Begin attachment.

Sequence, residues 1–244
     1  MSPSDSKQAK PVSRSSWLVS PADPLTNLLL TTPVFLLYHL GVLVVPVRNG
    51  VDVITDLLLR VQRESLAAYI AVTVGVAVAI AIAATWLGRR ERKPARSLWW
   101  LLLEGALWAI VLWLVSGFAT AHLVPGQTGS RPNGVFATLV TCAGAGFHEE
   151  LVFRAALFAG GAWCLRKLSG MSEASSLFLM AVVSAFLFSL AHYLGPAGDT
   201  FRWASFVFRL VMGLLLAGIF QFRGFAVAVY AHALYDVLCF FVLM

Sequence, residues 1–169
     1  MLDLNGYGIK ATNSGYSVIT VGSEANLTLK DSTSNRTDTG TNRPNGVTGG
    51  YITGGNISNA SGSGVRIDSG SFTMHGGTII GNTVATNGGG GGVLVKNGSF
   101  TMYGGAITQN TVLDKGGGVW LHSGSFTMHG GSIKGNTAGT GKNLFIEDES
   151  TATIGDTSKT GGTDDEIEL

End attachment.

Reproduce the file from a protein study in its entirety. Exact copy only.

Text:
Sequence, residues 1–244
     1  MSPSDSKQAK PVSRSSWLVS PADPLTNLLL TTPVFLLYHL GVLVVPVRNG
    51  VDVITDLLLR VQRESLAAYI AVTVGVAVAI AIAATWLGRR ERKPARSLWW
   101  LLLEGALWAI VLWLVSGFAT AHLVPGQTGS RPNGVFATLV TCAGAGFHEE
   151  LVFRAALFAG GAWCLRKLSG MSEASSLFLM AVVSAFLFSL AHYLGPAGDT
   201  FRWASFVFRL VMGLLLAGIF QFRGFAVAVY AHALYDVLCF FVLM

Sequence, residues 1–169
     1  MLDLNGYGIK ATNSGYSVIT VGSEANLTLK DSTSNRTDTG TNRPNGVTGG
    51  YITGGNISNA SGSGVRIDSG SFTMHGGTII GNTVATNGGG GGVLVKNGSF
   101  TMYGGAITQN TVLDKGGGVW LHSGSFTMHG GSIKGNTAGT GKNLFIEDES
   151  TATIGDTSKT GGTDDEIEL